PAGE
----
The third person singular in regular verbs in English is distinguished by the suffix -s. In English spelling, this -sis added to the stem of the infinitive form: run→runs.
If the base ends in one of the sibilant sounds: /s/, /z/, /ʃ/, /ʒ/, /tʃ/, /dʒ/ and its spelling does not end in a silent E, the suffix is written -es: buzz→buzzes; catch→catches. If the base ends in a consonant plus y, the y changes to an i and -es is affixed to the end: cry→cries. Verbs ending in o typically add -es: veto→vetoes.
Negative:He does not write
Interrogative:Does he write?
Negative interrogative:Does he not write?
I do not swim.
You do not swim.
We do not swim.
They do not swim.
He does not swim.
She does not swim.
It does not swim.
Do I swim? Do you swim? Do we swim? Do they swim? Does he swim? Does she swim? Does it swim?
Use the Simple Present to express the idea that an action is repeated or usual. The action can be a habit, a hobby, a daily event, a scheduled event or something that often happens. It can also be something a person often forgets or usually does not do.
I play golf.
She does not play tennis.
Does he play basketball?
The airplane leaves every morning at 7 AM.
The train does not leave at 12 AM.
When does the train usually leave?
She always forgets her purse.
He never forgets his wallet.
Every twelve months, the Earth circles the Sun.
Facts or Generalizations
The Simple Present can also indicate the speaker believes that a fact was true before, is true now, and will be true in the future. It is not important if the speaker is correct about the fact. It is also used to make generalizations about people or things.
Cats like milk.
Dogs do not like cats.
Do pigs like milk?
Barcelna is in Spain.
Spain is not in the United Kingdom.
Windows are made of glass.
Scheduled Events in the Near Future
Speakers occasionally use Simple Present to talk about scheduled events in the
near future. This is most commonly done when talking about public
transportation, but it can be used with other scheduled events as well.
The train leaves tonight at 7 PM.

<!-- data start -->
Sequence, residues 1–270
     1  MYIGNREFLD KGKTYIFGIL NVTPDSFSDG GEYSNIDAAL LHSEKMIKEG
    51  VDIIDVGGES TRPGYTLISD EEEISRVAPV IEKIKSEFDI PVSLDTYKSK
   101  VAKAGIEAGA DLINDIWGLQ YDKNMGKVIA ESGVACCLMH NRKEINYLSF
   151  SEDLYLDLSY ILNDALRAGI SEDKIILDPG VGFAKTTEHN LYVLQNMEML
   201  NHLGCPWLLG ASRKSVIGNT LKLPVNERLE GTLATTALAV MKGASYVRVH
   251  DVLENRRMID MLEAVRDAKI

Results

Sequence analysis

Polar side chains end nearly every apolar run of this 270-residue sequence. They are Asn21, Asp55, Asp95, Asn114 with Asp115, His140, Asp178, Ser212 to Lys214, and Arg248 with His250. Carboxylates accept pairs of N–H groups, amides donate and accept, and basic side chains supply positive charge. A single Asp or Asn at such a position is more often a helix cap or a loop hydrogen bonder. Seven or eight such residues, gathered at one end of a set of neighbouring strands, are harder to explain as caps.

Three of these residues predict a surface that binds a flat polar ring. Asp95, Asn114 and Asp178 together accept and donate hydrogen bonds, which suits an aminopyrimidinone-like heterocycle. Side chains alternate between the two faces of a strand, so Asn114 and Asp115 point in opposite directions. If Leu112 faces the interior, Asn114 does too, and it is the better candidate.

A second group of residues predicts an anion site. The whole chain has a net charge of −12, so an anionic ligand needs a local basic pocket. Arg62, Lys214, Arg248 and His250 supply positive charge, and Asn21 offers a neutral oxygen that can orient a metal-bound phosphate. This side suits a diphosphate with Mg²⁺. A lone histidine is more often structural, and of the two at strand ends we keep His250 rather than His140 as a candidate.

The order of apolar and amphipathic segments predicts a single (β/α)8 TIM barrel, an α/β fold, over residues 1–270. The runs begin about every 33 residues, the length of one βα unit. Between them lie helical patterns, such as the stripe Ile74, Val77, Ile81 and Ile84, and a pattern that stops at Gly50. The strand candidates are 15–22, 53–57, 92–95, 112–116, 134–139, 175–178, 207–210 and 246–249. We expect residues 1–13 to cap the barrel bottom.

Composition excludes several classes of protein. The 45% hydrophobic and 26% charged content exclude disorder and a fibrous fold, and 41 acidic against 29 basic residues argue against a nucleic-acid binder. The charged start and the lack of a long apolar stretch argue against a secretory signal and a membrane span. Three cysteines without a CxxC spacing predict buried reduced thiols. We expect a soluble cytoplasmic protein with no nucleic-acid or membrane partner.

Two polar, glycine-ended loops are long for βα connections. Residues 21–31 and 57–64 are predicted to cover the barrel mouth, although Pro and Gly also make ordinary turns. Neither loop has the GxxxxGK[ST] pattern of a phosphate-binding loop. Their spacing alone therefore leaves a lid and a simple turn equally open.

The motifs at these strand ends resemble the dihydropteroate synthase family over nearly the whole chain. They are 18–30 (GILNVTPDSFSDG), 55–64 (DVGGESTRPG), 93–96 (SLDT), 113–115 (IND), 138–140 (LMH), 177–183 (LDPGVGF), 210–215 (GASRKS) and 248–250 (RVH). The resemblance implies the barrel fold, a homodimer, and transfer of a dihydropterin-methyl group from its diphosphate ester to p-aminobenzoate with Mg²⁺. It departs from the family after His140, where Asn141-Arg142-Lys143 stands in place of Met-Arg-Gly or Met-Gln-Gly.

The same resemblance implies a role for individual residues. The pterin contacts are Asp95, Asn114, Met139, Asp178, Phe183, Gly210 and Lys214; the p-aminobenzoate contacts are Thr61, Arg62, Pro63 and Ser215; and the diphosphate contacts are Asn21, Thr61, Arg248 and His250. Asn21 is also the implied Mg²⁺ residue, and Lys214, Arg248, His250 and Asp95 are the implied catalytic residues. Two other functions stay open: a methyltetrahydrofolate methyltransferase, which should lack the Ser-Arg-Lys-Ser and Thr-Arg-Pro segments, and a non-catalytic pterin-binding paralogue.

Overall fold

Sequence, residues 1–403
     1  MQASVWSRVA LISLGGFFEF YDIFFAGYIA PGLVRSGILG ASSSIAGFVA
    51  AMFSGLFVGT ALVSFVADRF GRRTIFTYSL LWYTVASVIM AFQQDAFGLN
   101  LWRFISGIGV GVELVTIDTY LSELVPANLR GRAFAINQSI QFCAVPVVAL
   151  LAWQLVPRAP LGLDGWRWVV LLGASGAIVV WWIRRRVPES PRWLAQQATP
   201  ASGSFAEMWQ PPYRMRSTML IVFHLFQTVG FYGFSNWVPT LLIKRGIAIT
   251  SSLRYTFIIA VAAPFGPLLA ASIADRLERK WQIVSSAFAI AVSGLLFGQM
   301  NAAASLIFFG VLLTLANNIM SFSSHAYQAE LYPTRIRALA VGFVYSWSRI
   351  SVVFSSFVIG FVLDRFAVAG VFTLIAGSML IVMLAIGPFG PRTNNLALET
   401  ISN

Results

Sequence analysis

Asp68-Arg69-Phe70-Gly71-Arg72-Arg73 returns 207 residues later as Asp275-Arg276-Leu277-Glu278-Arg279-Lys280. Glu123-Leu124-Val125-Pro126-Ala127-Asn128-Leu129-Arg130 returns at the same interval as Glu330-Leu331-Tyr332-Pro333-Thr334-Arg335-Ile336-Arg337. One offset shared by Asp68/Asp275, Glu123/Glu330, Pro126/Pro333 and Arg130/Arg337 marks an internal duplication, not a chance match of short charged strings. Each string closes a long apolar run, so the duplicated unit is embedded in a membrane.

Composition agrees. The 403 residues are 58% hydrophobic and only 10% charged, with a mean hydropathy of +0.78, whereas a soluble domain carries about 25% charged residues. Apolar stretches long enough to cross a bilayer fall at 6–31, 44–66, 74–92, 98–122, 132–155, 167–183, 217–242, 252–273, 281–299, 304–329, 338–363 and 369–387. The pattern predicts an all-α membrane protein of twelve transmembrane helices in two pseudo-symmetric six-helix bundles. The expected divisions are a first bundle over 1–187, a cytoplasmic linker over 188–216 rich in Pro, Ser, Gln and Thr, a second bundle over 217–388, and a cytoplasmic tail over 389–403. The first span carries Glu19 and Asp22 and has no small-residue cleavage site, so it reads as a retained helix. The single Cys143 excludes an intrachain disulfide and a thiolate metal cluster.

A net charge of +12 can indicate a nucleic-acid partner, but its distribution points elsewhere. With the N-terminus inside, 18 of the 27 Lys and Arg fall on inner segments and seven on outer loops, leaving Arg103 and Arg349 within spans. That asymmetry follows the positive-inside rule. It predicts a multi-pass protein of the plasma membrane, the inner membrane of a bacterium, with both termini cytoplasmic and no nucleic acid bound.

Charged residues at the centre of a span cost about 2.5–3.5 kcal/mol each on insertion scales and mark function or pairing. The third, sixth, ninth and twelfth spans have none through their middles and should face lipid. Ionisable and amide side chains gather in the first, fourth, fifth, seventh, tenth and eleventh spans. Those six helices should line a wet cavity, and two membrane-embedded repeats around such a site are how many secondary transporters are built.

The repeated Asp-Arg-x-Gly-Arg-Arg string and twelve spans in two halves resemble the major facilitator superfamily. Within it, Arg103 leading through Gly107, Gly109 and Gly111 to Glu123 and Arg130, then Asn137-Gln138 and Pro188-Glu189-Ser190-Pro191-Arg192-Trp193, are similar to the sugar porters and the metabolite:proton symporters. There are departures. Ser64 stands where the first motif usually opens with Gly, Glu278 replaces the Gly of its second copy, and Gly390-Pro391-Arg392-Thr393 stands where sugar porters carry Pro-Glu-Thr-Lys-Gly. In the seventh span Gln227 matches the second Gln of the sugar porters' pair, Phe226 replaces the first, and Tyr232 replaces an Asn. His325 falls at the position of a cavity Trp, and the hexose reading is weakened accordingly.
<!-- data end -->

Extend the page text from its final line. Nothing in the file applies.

The bus does not arrive at 11 AM, it arrives
at 11 PM.
When do we board the plane?
The party starts at 8 o'clock.
When does class begin tomorrow?
Shegoesto Milwaukee on Tuesday.
Now (Non-Continuous Verbs)
Speakers sometimes use the Simple Present to express the idea that an action is happening or is not happening now. This can only be done with Non-Continuous Verbs and certain Mixed Verbs.
I am here now.
She is not here now.
He needs help right now.
He does not need help now.
He has his passport in his hand.
Do you have your passport with you?
She thinks that beavers are remarkable
The examples below show the placement for grammar adverbs such as: always, only, never, ever, still, just, etc.
You only speak English.
Do you only speak English?
ACTIVE / PASSIVE
Once a week, Tom cleans the car.Active
Once a week, the car is cleaned by Tom.Passive
The present simple has an intensive or emphatic form with "do": He does write. In the negative and interrogative forms, of course, this is identical to the non-emphatic forms. It is typically used as a response to the question Does he write, whether that question is expressed or implied, and says that indeed, he does write.
The different syntactic behavior of the negative particle not and the negative inflectional suffix-n't in the interrogative form is also worth noting. In formalliterary Englishof the sort in which contractions are avoided,not attaches itself to the main verb:Does he not write? When the colloquial contraction -n't is used, this attaches itself to the auxiliary do:Doesn't he write?
The verb "have" is irregular in positive, third-person forms. This irregular form has been marked below with an asterisk*.
He has. *
She has. *
It has. *
I do not have.
You do not have.
We do not have.
They do not have.
He does not have.
She does not have.
It does not have.
Do I have? Do you have? Do we have? Do they have? Does he have? Does she have? Does it have?
The verb "be" is irregular in the Simple Present. It also has different question forms and negative forms.
I am not.
You are not.
We are not.
They are not.
He is not.
She is not.
It is not.
Am I? Are you? Are we? Are they? Is he? Is she? Is it?
Modal verbs behave differently from other verbs. Notice that they do not take "s" in the third person - there is no difference between first-person, second-person or third-person forms. Like the verb "be" described above, modal verbs also have different question forms and negative forms in Simple Present.
I should go.
You should go.
We should go.
They should go.
He should go.
She should go.
It should go.
I should not go.
You should not go.
We should not go.
They should not go.
He should not go.
She should not go.
It should not go.
Should I go? Should you go? Should we go? Should they go? Should he go? Should she go? Should it go?